In this paper, a modified cost function is proposed in order to achieve the maximum noise attenuation using a set of secondary sources for a harmonically excited sound field. The modified cost function drives the error signal to the optimally attenuated sound field instead of minimizing the squared pressure. Moreover, changing the value to which the error signals must be driven allows change of the control strategy from global to local. The modified cost function requires the knowledge of the attenuated sound field, which is a condition that is well suited to narrowband noises, as is the case of turboprops. A numerical example of the application of the cost function is carried out using a finite element model/boundary element model of a real turboprop, with the goal of minimizing the interior sound field in the cabin to about 17m(3). A maximum averaged attenuation of 7dB at blade-passage frequencies is achieved using six secondary sources and six error sensors. Besides, when the same control system is tuned to achieve local control around the head of a seated crew member, 11dB of attenuation is achieved.
The performance of an active control system in global control of enclosed sound fields depends largely on the localization of the error sensors, among other factors. In this paper a modified cost function is proposed in order to guarantee the maximum attenuation that can be produced by a set of secondary sources in the case of an harmonically excited sound field. The cost function is modified in order to drive the error signal to the value corresponding to the optimally attenuated sound field, instead of minimizing the squared pressure. To evaluate the performance of the proposed control system, its robustness against unstructured error is also investigated using a set of intensive calculations. Following this approach, the sensors can be located anywhere and the optimal attenuation is reached using an equal number of error sensors and secondary sources. The results also suggest that the greater the number of error sensors than secondary sources the more robust the control system is. This behavior holds for both the usual strategy of minimizing the squared pressure and the approach presented in this paper. However, the latter strategy is more robust than the traditional approach of minimizing the squared pressures and its robustness does not depend on the location of the error sensors. Thus, as a main conclusion, the use of the new cost function leads to a guaranteed efficiency and a more robust control system and gives absolute freedom in selecting the location of the error sensors.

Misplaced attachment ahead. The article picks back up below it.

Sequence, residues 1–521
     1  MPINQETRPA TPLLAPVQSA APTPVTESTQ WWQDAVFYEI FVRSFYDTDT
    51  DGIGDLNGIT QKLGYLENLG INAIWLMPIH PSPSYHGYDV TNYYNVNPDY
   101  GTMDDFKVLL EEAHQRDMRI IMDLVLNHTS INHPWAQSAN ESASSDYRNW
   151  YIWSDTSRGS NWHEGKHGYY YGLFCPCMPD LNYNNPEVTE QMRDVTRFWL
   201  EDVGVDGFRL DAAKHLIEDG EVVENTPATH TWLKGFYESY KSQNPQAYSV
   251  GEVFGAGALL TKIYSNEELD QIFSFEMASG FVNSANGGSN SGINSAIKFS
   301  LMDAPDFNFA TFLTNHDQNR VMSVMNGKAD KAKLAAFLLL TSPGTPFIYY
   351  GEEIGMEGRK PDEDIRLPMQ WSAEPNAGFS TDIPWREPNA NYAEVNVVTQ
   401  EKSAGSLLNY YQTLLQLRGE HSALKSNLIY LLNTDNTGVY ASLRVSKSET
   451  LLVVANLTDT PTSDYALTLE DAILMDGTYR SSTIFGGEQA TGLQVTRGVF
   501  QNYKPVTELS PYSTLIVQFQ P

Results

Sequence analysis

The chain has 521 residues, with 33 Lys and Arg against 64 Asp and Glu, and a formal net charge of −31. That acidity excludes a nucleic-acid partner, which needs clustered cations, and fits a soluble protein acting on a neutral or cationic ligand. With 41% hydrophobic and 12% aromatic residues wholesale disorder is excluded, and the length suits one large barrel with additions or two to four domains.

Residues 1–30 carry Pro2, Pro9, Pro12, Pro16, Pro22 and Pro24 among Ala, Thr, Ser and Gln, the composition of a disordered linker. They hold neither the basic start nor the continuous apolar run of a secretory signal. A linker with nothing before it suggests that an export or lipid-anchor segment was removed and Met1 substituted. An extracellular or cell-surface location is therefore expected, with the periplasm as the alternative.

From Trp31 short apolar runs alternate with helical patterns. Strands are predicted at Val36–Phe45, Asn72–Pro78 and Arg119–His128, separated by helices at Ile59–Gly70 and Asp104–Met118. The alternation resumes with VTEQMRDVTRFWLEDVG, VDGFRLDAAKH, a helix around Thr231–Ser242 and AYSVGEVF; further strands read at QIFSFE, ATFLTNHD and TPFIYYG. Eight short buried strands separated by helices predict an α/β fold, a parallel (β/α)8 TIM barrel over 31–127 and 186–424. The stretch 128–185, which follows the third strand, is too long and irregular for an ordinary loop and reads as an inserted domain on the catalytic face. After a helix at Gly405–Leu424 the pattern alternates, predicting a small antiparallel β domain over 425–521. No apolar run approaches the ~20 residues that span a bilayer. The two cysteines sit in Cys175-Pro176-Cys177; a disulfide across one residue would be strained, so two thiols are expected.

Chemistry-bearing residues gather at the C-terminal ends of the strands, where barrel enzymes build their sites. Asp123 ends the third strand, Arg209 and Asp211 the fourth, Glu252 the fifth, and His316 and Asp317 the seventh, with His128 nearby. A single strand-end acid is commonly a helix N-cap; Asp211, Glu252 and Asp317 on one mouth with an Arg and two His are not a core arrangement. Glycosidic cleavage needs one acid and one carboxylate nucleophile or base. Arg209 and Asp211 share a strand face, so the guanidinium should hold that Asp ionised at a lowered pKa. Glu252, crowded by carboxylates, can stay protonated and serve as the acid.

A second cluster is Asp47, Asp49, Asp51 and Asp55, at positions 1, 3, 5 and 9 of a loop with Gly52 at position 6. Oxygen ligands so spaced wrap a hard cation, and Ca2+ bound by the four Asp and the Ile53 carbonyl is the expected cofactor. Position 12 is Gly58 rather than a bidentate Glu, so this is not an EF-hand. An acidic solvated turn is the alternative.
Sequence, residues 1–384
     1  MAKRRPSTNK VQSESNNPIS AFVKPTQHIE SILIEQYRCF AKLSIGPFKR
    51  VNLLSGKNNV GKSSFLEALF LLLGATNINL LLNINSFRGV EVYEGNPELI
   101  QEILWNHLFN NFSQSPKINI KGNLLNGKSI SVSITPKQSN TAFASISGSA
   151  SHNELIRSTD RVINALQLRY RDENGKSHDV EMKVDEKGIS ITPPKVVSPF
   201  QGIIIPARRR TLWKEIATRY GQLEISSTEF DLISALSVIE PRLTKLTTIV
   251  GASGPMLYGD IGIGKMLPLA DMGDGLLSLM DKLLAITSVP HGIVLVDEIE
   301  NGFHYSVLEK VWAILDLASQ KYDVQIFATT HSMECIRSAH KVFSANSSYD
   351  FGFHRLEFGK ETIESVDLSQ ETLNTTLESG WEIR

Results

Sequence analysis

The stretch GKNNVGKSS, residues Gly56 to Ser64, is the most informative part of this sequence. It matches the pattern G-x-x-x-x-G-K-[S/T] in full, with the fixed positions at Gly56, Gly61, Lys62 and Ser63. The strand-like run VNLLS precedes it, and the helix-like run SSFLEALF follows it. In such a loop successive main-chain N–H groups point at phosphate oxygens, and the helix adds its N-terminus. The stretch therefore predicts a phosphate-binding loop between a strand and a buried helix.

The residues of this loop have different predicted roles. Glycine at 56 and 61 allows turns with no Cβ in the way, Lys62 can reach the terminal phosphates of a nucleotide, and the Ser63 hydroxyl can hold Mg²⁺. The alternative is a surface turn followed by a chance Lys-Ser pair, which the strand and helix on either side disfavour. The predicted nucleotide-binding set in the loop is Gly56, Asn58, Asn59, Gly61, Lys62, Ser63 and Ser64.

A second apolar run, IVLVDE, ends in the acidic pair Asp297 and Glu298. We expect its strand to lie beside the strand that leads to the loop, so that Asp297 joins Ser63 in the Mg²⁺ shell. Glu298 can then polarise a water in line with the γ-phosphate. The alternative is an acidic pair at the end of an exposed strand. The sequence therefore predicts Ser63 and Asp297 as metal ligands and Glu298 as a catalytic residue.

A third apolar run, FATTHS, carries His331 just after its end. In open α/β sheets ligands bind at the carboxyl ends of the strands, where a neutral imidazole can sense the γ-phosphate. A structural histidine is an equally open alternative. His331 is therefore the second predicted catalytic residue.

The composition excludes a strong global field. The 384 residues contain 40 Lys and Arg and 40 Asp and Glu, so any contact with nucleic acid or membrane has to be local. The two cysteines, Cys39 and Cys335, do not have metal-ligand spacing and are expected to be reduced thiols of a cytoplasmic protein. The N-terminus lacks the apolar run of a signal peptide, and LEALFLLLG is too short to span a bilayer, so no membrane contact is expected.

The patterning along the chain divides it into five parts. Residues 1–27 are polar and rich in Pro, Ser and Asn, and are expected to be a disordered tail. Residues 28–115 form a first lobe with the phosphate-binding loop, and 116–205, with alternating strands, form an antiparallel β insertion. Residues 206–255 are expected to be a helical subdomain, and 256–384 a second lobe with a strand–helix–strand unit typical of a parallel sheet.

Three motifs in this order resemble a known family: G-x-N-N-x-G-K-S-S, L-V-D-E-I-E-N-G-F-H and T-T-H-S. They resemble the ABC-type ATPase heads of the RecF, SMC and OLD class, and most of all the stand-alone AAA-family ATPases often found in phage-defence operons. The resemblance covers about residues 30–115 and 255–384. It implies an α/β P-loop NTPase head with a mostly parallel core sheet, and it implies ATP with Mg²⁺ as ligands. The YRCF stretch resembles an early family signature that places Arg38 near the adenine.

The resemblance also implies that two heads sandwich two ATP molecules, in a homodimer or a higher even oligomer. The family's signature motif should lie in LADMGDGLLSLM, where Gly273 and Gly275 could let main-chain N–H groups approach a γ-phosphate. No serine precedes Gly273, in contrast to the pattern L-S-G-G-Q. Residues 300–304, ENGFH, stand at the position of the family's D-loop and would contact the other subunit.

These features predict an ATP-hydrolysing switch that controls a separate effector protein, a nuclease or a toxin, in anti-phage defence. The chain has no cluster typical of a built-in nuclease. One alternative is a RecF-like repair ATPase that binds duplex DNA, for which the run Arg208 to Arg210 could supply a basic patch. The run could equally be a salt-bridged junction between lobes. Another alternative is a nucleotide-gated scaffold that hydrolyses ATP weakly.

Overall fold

In certain environments it is not possible to achieve compliance with the external noise levels. In such cases, however, normative stresses the compliance levels in the interior of the housing.
The communication presents a study of the possible actions in a recreation area consisting of a set of open doors music bars which gives as a result loud street levels. The first step is creating
a detailed sound map of the environment through simulation, in which the sources of noise are the openings in the façades of these bars. The second step is to determine the acoustic sound insulation of the receivers’ façades. Known the relationship between interior level of each activity, the level on the façade of the receptors and considering the acoustic insulation, the solution consists of reducing the level of noise emission of the activities and/or increase the isolation of the affected homes. Through the use of GIS, the level inside of the receivers and the affected population is also calculated. These variables along with the cost associated with the necessary increase insulation in facade, defines a mathematical model that allows to optimize the combination of acoustic insulation and reducing the noise emission of the activities.